As the kids used to say, it’s all gone Pete Tong. David Cameron and co have crossed that dirty river where their every action is interpreted as categorical proof of incompetence. It’s all good, healthy, blood-sport fun, unless you’re in the government, in which case it's probably horrible. We are not quite at the point of Gordon-Brown-eating-his-own-fingers-off-in-the-Downing-Street-bunker, but it is visible from here.
Two conferences provided perfectly distilled examples of Labour and the Tories' contrasting fortunes this week. Andrew Lansley went to the Royal College of Nursing get-together. His high point came when he told delegates not to "have an argument about it now". Later, Ed Miliband went and was treated like a leader-in-waiting – not a series of words you associate with him. The next day Theresa May went for her annual humiliation at the hands of the Police Federation. Last year she got silence, which must have seemed a luxury compared to having people laugh in your face. This year it was very much laugh in your face.
Cameron called on the eurozone to "make-up-or-break-up". No-one in Europe cares about his opinion, of course, but the British press still feel obliged to pay attention. It would have been a more successful manoeuvre if his own chancellor hadn’t been warning against speculating on the fate of Greece just a day earlier. It hardly needs saying, but George Osborne rather changed his tune in the speech. And while we're on the subject, have a look at this.
Even figures showing falling unemployment only gave the government 20 seconds of good press, before the Bank of England came out and revised UK growth projections downwards. You barely catch a glance of the silver lining before the cloud emerges nowadays.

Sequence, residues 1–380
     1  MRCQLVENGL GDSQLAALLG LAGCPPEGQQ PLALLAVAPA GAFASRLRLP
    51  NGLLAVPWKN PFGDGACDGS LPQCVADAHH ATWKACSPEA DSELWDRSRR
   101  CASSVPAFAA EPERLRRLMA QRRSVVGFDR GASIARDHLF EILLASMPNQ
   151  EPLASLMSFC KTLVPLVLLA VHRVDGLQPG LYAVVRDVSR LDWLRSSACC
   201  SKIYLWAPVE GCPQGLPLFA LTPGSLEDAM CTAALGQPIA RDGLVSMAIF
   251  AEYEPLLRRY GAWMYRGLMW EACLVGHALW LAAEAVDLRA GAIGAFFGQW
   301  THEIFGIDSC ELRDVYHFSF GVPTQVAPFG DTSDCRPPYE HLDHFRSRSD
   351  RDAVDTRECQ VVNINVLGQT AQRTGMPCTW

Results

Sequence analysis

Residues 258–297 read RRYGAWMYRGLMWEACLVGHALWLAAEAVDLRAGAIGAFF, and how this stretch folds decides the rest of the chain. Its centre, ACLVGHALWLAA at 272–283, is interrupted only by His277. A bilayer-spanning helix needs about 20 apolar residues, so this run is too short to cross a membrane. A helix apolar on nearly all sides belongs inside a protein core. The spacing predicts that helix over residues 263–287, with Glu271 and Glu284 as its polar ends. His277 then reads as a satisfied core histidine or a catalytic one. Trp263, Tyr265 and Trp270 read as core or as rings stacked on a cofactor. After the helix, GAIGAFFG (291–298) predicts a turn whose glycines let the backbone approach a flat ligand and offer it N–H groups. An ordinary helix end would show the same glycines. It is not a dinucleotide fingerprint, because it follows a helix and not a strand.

It’s all in the polls. Labour is soaring ahead of the Tories. Most importantly, the Miliband-Balls combo started polling higher confidence levels than Cameron and Osborne on economic competence. When you come behind something called the Miliband-Balls combo you know you're really in trouble.
Meanwhile, the government's biggest headache continued apace. There is a delicious irony to the idea that the Leveson inquiry, composed to protect the government from ministerial accountability, has turned into a rolling-news damage machine. Osborne – the only Cabinet minister not to be called – is appearing ever-more soaked in the scandal. Leveson has established his precedence over parliament – including Cameron, Harman and, enjoyably, Speaker John Bercow. Rebekah Brooks, Cameron's 'lots-of-love' BFF, was charged. The start of Jeremy Hunt's political trial comes next week when Adam Smith, his special adviser, and Federic Michel, the point-man at News International, appear at the inquiry.
Get your popcorn. Total political annihilation follows.